Select Page

There is this piece of Smith family lore, by which I usually mean to introduce something false, which I will later disprove or reframe, except in this case it’s true. It tells of a time when I, fresh from a brutally cold winter in Santiago, landed in my mother’s backyard on Long Island, whereupon I laid in the grass in a skirt, leggings, shoes, a long sleeved shirt and fleece vest under the broiling 80 degree humid summer sunshine, just to warm up. I had brought so much cold with me that it took me hours to adjust to the heat. And it’s funny to talk about, because it’s so counterintuitive, to lay in the sun at all these days, but especially bundled up.

This time, I have flown back to Chile from a couple of weeks that were chock full of friends and family and more family and more friends (but never enough friends, because the ones I saw were so fabulous, and I never have time to see everyone), and what for me are sub-zero temperatures (Celsius). It was so cold on the night of Thanksgiving, that after bundling us all into the car to the railroad back to the city, we piled first out of the car and then right back in to wait the remaining five minutes before the train came. It was that cold. And much of the poor San Francisco contingent didn’t even really have winter coats. It was 16 F and windy.

And on I walked, through city streets and on greenway paths near my mother’s house, convincing myself, “at least when you go inside, it’s warm.” And it is, but for the first time in a long time, I felt legitimately uncomfortably cold in the United States. To be fair, I haven’t been in the northeastern winter in years, and this has not been a mistake, missing holidays with family notwithstanding.

And this time as I am back, I find I don’t want so much sunshine and heat from the outside, in fact I was a sweaty mess at the gym yesterday, and I can only assume my thermostat hasn’t quite adjusted to the weather here. But it didn’t matter because what I really wanted was sunshine from the inside.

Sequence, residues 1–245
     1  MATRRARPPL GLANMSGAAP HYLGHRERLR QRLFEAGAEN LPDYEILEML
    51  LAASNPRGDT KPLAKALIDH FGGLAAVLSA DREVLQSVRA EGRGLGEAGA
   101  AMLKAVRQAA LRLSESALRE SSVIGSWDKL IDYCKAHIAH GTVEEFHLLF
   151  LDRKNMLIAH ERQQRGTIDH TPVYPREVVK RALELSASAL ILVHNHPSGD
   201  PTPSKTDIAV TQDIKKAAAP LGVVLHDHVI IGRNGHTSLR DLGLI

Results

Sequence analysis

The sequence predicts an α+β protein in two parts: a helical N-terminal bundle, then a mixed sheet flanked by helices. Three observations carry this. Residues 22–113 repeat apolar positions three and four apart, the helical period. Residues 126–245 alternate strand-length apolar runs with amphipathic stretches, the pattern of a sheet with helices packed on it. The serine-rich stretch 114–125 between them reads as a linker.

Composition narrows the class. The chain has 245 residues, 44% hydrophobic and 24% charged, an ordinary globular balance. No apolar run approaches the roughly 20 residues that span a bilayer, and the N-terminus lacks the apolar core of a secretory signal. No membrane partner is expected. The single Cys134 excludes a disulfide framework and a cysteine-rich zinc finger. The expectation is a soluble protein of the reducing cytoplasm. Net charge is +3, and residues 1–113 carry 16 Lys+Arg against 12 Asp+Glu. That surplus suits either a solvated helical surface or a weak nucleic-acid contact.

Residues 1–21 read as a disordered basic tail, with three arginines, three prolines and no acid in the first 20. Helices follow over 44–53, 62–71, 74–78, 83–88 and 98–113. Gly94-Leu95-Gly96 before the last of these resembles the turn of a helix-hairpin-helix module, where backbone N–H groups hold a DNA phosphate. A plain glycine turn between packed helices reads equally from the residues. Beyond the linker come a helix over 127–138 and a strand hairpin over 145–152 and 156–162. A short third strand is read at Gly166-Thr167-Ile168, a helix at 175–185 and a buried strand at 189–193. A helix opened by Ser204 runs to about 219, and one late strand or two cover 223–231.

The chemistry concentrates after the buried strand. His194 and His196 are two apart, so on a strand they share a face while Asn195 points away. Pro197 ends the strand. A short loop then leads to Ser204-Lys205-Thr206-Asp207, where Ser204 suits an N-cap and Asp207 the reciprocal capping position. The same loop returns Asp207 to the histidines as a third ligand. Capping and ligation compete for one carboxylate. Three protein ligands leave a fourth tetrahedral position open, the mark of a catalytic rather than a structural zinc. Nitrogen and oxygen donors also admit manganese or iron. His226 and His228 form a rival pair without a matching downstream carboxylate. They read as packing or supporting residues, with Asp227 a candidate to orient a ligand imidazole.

It was a banner day at the feria, a belated welcome back to me in the form of blueberries, cherries, peaches so juicy I may have to take a shower, and my beloved blackberries, which I still miss the yogurt for that used to go under them before I became insensitive to fermented foods (see: stomach snafu). But there is bounty, and it is affordable to me, and I am so happy to eat it and to rise to my full height and to be back to this crazy city where just yesterday I saw someone with a life-sized replica of an emperor penguin on the bus, because they were giving them away after an art installation to raise consciousness about climate change. Because Santiago. You kooky, warm-in-the-summer fruit-abundant city. It’s good to be home.

(Missed the penguin? You could follow me on Instagram.)

Feria spoils: (not all produce shown, I think you know what this stuff looks like. Also, I am just topping up, I went to the supermarket the other day due to a time crunch and no nighttime ferias in Santiago).

1 kilo cherries 1500 CLP=$2.22
1 kilo blueberries 2000 CLP$2.96
1 kilo peaches 1000 CLP=$1.48
1/2 kilo blackberries 900 CLP=$1.33
1 bunch beets 800 CLP=$1.19
1 bunch scallions 500 CLP= $.74
2 ears “american” corn 500 CLP= $.74
1 kilo potatoes 400 CLP=$.59 (because Chanukah!)
1 cucumber 300 CLP=$.44
1 large bunch radishes 500 CLP= $.74
1/2 kilo asparagus 1200 CLP=$1.78

Total 9.600 CLP=$14.23